So, if Europe is not an issue that excites British voters in a way that the NHS or the economy does, will this mean that turnout will have an impact on the result? Comparatively, turnout in referendums tends to be rather lower than for national elections. And that is generally true in the UK as well, whether at national or sub-national level. The 1975 referendum on EEC membership was 64.5%, when in the October general election of 1974, turnout was 72.8%. Not a huge difference necessarily, but the last time there was a UK wide referendum (on the electoral system) in 2011, turnout was only 42%. There are two exceptions, however. Referendums in Northern Ireland in 1998 (the Good Friday agreement) and Scotland in 2014 (Scottish Independence) both had very high turnouts – well in excess of participation at national elections. But both referendums were on questions that carried significant political and emotional involvement on both sides. In the case of Europe, where there is emotional involvement, it is heavily skewed toward the Brexit camp.

With this in mind, low turnout has been seen as a potential threat for the Remain camp. It’s argued that the greater commitment will lead Leave voters to be more likely to turnout. Certainly, the 2014 European elections, with a typically low turnout (35.6%), lead to UKIP being the largest party. Moreover, one of the largest opinion splits is generational. Polls tell us that older people are much more in favour of Brexit, and young people much more in favour of Remain. Importantly, older people are much more likely to vote than younger ones. So, if Remain voters are complacent, the Leave side could win. There’s a strong logic to this view and it may well be correct.

But there’s also an alternative view – that a high turnout may benefit the Leave campaign. Why is that a possibility? First, the UKIP vote tends to be proportionally higher in areas where the demographic characteristics are associated with lower turnout. Coupled with that, those who voted UKIP at the 2015 election were more likely to have not voted in the 2010 election compared with supporters of the main GB parties. Of course, UKIP is not the same as the Leave vote. But we do know that the Leave campaign is disproportionately supported by those with from lower social groups and those with lower levels of education –groups that are generally less likely to vote. All in all, there is some evidence to indicate that those who might be most likely to support Brexit are less likely to be habitual voters. A higher turnout, where these voters are mobilized, could therefore be beneficial for the Leave campaign.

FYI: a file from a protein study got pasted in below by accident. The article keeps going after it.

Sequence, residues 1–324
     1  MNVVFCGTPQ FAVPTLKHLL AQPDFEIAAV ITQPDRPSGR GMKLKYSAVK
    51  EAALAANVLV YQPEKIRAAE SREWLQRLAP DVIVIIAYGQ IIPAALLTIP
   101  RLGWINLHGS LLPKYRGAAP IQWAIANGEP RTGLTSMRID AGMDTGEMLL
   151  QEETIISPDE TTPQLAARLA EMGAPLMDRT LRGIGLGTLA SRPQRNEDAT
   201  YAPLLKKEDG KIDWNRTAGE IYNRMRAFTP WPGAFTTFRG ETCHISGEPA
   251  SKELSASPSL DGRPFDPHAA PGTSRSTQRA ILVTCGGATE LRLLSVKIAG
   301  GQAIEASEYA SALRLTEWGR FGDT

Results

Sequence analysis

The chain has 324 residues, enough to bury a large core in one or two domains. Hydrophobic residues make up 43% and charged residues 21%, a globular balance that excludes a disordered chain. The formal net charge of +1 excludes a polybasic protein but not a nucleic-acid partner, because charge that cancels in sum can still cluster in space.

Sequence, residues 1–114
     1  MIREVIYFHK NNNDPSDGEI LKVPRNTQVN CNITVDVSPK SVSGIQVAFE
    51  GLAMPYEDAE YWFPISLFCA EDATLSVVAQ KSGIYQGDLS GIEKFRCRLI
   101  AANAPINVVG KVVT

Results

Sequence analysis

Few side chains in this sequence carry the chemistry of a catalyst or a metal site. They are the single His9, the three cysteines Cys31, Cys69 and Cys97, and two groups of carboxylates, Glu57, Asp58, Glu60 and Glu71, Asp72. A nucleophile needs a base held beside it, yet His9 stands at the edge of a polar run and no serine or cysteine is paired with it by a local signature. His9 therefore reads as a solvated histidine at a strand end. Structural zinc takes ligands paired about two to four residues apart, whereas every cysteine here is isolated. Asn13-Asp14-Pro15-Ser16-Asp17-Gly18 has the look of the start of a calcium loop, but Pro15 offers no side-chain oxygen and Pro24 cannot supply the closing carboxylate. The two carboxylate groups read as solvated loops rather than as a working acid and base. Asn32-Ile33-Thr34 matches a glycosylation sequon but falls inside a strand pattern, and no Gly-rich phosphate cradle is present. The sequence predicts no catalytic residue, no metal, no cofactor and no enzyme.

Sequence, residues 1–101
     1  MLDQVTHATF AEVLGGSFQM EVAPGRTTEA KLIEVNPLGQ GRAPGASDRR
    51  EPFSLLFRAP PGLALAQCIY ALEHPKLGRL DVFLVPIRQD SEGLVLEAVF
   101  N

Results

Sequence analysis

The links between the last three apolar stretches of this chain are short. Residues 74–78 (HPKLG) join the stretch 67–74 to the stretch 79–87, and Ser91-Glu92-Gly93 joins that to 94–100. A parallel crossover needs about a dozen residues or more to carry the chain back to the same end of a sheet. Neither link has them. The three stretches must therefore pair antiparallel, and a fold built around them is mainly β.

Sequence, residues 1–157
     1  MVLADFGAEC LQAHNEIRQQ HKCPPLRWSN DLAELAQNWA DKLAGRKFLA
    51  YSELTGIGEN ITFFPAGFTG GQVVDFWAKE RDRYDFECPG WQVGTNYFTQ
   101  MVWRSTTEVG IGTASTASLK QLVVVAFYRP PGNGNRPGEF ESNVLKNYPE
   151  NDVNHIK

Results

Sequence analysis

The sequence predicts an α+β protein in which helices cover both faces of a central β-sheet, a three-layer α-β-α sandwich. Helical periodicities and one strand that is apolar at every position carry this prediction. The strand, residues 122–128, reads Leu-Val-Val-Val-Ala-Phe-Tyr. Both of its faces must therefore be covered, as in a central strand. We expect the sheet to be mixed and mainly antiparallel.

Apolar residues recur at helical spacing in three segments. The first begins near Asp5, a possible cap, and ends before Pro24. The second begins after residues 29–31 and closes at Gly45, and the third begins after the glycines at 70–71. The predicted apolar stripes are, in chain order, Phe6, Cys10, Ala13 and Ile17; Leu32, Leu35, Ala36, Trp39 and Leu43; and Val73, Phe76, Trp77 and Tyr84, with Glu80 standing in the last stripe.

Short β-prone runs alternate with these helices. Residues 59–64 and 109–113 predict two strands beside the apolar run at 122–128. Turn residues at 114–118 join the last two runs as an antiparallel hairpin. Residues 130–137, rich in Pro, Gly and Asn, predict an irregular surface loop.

Ultimately, I would probably lean towards the view that it would be a lower turnout that would be more beneficial to the Leave campaign. But, clearly, neither side can take the impact of turnout on the result for granted.

 Justin Fisher is Professor of Political Science at Brunel University London

If you’re eligible to vote and haven’t yet registered, there’s still time. You can register online here

Yesterday, Interel and The British Chamber of Commerce in Belgium were delighted to host Chuka Umunna MP and Jacob Rees-Mogg MP for a head-to-head debate on Britain’s membership of the EU. The two Westminster heavyweights made their cases to a packed audience of business leaders. Words by Alexander Mulchrone, Parliamentary Monitoring Assistant at Interel.

Jacob Rees-Mogg’s top five points:

1. The EU has gradually evolved into a political union which seeks to undermine British sovereignty.

2. The argument that the EU is a free trade block is a fallacy. The EU does not trade freely; it is a customs union. .

3. Europe’s migration policy is fundamentally flawed and in fact ”wicked”.

4. If the UK votes to leave, Britain’s first action should be rolling back regulations on the City of London and opening up markets from EU protectionism.

5. Should the UK vote to leave, the Government will easily ensure a smooth transition as provided for in the European Treaties.


Chuka Umunna’s top five points:

1. The EU’s influence on British politics is overstated. Britain remains the master of its own destiny.

2. Where the EU does play a role in determining policy, it is wrong to suggest that Britain is ”trampled on” by Brussels.

3. The great challenges which nations face in the 21st century are cross-national and global by nature, and so an internationalist approach is important if we are to face up to them.

4. The Eurozone is our biggest trading partner, and it is nonsensical to suggest that we could withdraw from the EU without impacting this trade.

5. Even if we vote to stay, it is important to continue to reform.


To read the full insight on the event visit